(December 4, 2013)–For several years the Allegheny Institute has called attention to the Pittsburgh School District’s per pupil expenditures of more than $20,000. The preliminary 2014 budget calls for outlays of $529 million that will maintain or even increase the per pupil spending level. Next year’s planned spending will surpass 2013’s budget outlays by $7 million, and with revenue falling $18 million short of expenditures, it will be necessary to dip into reserves.
Over the next three years, the District is facing a difficult financial situation with projected deficits wiping out its near $90 million reserve and creating a $78 million cumulative debt. As matters now stand spending is expected to continue rising at a pace much faster than revenues for the foreseeable future. In March of this year the District’s top budget official predicted insolvency by 2015.
While spending reductions will undoubtedly have to be made, the forecasts of large hikes in pension outlays and health care costs are virtually unavoidable. Absent major changes in state law covering public pensions, the District will experience a $34 million rise in annual pension payments between 2011 and 2016—representing a quadrupling of the 2010 payment. The health care rise will be less dramatic but nonetheless still substantial. With these unavoidable jumps in costs there will be great difficulty in slowing the pace of overall expenditure growth.
So, where does all the money go? Interestingly and somewhat surprisingly, teacher salaries will account for only $92.48 million of the budgeted $529 million. Teacher salaries are actually down $5.8 million from 2013’s budget (mostly owing to fewer teachers, not lower pay rates). To be sure, $45 million or so in benefits will add greatly to teacher compensation. But, even at $137 million, the total compensation of teachers is only one quarter of all District spending.
Other major salary amounts by occupation include principals, custodial personnel, substitutes, nurses, social workers, central administration and directors, tradesmen and technical staff. Total salaries and benefits for District employees will come to $259 million, up slightly from 2013’s budget primarily because of a $7.5 million rise in pension payments.
Still, one is amazed to learn that $270 million in projected spending will not be going to salaries and benefits. Then too, it is surprising that spending on elementary and secondary education amounts to only $216 million, far less than half of all outlays. However, the District does plan to allocate $79 million to other education efforts. That means $240 million is spent on items not considered to be strictly instructional.
The District will spend $64 million on the Intermediate Unit. Note that IU personnel are not included in the District’s employee count or on District payrolls per se. Then too, the District will expend $55 million funding the City’s Charter schools. Also budgeted at $55 million, debt service rounds out the very large expenditure categories. Another $36 million will be used to cover student transportation costs. Various other purchases of services account for the remainder of the budgeted expenses.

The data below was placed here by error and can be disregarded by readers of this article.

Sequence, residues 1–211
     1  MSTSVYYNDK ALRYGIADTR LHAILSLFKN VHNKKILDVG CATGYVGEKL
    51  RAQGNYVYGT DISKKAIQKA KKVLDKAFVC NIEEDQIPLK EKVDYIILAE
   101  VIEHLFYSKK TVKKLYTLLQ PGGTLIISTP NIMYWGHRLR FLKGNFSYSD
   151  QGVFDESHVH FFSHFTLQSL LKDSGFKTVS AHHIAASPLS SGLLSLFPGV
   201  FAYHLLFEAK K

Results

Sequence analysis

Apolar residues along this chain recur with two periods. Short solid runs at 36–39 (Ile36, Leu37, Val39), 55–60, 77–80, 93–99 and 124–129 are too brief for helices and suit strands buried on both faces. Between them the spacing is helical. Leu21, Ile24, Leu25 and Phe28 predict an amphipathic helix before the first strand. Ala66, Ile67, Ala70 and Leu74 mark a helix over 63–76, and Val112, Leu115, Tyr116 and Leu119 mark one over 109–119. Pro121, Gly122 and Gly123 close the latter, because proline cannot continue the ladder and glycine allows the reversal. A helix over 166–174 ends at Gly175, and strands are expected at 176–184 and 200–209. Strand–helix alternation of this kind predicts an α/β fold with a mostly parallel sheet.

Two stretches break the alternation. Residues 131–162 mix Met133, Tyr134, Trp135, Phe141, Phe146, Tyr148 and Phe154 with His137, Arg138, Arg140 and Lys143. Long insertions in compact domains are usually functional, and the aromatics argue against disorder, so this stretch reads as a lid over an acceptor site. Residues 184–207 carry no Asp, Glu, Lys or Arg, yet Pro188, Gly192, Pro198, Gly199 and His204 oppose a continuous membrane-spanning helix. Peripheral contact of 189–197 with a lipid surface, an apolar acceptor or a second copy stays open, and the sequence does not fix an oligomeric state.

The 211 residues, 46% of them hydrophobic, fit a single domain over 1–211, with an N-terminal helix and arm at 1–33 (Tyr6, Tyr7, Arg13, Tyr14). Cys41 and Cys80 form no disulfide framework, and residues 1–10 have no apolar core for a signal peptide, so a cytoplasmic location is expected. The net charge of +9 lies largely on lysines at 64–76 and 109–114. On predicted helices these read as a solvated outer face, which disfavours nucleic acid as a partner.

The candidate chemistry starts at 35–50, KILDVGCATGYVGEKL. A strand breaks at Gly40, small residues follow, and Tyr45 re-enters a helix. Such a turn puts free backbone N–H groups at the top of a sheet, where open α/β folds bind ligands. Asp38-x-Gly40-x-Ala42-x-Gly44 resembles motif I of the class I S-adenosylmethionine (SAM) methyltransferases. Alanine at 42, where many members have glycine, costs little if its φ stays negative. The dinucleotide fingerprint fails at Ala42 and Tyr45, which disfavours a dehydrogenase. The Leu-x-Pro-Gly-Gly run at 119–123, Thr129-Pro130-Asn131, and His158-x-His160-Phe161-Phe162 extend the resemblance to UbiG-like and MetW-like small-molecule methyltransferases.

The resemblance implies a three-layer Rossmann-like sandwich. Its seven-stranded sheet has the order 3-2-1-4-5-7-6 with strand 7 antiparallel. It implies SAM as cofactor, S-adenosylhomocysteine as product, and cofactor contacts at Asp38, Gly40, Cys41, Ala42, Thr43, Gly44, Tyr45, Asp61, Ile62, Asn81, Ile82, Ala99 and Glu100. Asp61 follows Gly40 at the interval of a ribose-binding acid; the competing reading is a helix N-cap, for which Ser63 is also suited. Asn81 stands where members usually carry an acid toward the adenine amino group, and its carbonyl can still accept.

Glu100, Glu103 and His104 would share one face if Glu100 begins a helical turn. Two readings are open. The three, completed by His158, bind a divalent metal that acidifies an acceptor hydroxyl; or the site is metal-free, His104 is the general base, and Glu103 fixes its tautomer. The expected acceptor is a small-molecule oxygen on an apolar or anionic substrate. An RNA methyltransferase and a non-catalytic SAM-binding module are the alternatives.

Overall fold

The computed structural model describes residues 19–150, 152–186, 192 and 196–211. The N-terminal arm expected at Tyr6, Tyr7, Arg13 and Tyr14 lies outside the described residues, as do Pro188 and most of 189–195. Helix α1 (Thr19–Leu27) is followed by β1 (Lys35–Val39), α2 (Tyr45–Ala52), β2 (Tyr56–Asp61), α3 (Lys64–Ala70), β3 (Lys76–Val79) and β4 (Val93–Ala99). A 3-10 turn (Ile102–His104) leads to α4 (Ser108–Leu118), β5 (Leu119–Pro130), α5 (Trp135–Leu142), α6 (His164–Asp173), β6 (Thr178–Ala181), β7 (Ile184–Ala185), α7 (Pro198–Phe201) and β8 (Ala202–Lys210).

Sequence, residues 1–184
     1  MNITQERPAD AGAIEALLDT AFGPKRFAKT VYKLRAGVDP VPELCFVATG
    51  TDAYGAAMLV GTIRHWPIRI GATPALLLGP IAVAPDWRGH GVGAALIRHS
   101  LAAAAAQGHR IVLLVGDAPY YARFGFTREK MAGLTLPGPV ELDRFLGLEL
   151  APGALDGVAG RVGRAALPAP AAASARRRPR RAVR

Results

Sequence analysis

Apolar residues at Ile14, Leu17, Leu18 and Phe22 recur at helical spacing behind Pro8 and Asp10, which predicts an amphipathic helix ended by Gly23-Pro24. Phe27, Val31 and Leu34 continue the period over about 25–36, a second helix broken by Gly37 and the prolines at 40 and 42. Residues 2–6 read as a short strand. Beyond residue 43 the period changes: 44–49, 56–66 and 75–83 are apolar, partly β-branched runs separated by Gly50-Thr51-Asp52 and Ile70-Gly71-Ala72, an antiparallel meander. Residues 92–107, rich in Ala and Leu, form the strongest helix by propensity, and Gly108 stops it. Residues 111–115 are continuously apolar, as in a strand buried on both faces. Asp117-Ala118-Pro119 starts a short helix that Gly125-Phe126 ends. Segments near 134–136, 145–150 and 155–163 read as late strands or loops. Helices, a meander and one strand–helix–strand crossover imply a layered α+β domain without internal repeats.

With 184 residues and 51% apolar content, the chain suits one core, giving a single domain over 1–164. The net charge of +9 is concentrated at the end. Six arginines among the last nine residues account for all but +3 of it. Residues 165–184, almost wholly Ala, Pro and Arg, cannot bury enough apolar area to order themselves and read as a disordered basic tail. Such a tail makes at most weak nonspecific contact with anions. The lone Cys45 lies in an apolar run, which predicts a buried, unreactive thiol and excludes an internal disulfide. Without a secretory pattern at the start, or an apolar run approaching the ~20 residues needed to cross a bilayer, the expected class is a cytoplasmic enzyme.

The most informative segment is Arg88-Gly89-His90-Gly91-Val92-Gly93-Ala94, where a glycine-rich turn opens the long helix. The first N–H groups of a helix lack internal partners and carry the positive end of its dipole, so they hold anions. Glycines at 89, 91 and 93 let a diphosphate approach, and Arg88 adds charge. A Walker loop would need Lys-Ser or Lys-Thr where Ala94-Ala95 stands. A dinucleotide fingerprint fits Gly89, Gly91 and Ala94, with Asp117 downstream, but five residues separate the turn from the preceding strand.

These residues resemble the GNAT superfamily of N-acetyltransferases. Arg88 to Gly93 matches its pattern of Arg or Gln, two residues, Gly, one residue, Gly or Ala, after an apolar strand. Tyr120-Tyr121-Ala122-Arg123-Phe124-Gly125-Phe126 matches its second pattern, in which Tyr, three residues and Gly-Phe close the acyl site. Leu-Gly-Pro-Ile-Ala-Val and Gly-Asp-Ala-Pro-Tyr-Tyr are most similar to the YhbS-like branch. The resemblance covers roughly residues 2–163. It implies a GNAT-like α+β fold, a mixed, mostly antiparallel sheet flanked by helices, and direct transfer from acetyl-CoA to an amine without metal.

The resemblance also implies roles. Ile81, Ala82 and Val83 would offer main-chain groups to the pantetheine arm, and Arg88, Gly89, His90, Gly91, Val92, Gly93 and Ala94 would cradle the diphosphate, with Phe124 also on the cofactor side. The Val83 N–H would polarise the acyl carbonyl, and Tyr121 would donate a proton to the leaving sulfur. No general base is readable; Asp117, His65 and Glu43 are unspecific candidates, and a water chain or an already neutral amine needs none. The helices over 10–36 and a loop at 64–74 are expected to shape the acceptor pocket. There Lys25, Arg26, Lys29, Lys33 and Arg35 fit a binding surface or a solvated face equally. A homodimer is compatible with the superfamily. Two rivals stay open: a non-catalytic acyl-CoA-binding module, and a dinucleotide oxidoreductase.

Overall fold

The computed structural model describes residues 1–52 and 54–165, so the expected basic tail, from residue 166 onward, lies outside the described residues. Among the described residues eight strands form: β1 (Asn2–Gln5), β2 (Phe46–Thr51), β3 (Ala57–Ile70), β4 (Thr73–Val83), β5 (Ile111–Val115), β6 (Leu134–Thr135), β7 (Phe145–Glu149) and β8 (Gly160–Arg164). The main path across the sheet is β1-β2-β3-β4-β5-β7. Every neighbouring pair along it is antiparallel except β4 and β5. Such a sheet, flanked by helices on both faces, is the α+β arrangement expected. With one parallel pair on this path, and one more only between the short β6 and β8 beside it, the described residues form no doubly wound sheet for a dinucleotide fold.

The District is certainly in a bind. Unless it can find ways to make major cuts in line items other than pensions or raise taxes there will be no chance of correcting the growing deficit problem. The heavy cost of special education and transportation might offer some opportunities to make cuts. Moreover, the District should begin to look at outsourcing services such as maintenance and custodial. There might also be opportunities to lower the numbers and cost of non-teaching personnel such as social workers and nurses.
The only alternative to belt tightening to offset the pension cost jumps will be to raise taxes. Under Act 1 of 2006 millage rate increases are limited to an allowable percentage set by the state, usually a fairly low percentage. The District could file for exemptions so that it could raise the property tax rate more or it could put the needed tax hike to a referendum. This would let the people of Pittsburgh decide if they want to pay more taxes to support the schools. Or perhaps they should ask the Promise Program to allocate some of its funds to help cover the cost of education. After all, if the students cannot get a good education for lack of adequate funding, what good is a college scholarship?
Maybe employees facing layoffs would be willing to support meaningful reform of the state pension law to ease the mounting pension cost burden on school districts and the state government. Not likely perhaps, but support from employees facing layoff or other wage and benefit cuts might be the key to getting reform that will head off the state’s burgeoning pension crisis.
Jake Haulk, Ph.D., President
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